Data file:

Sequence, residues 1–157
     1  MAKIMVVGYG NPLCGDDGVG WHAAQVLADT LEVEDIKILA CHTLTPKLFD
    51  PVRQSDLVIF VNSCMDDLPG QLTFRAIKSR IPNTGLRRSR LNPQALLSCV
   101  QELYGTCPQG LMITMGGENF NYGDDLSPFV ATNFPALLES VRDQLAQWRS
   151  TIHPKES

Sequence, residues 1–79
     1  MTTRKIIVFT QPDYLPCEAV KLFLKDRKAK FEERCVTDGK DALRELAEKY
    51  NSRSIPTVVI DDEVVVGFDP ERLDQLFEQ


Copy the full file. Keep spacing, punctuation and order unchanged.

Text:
Sequence, residues 1–157
     1  MAKIMVVGYG NPLCGDDGVG WHAAQVLADT LEVEDIKILA CHTLTPKLFD
    51  PVRQSDLVIF VNSCMDDLPG QLTFRAIKSR IPNTGLRRSR LNPQALLSCV
   101  QELYGTCPQG LMITMGGENF NYGDDLSPFV ATNFPALLES VRDQLAQWRS
   151  TIHPKES

Sequence, residues 1–79
     1  MTTRKIIVFT QPDYLPCEAV KLFLKDRKAK FEERCVTDGK DALRELAEKY
    51  NSRSIPTVVI DDEVVVGFDP ERLDQLFEQ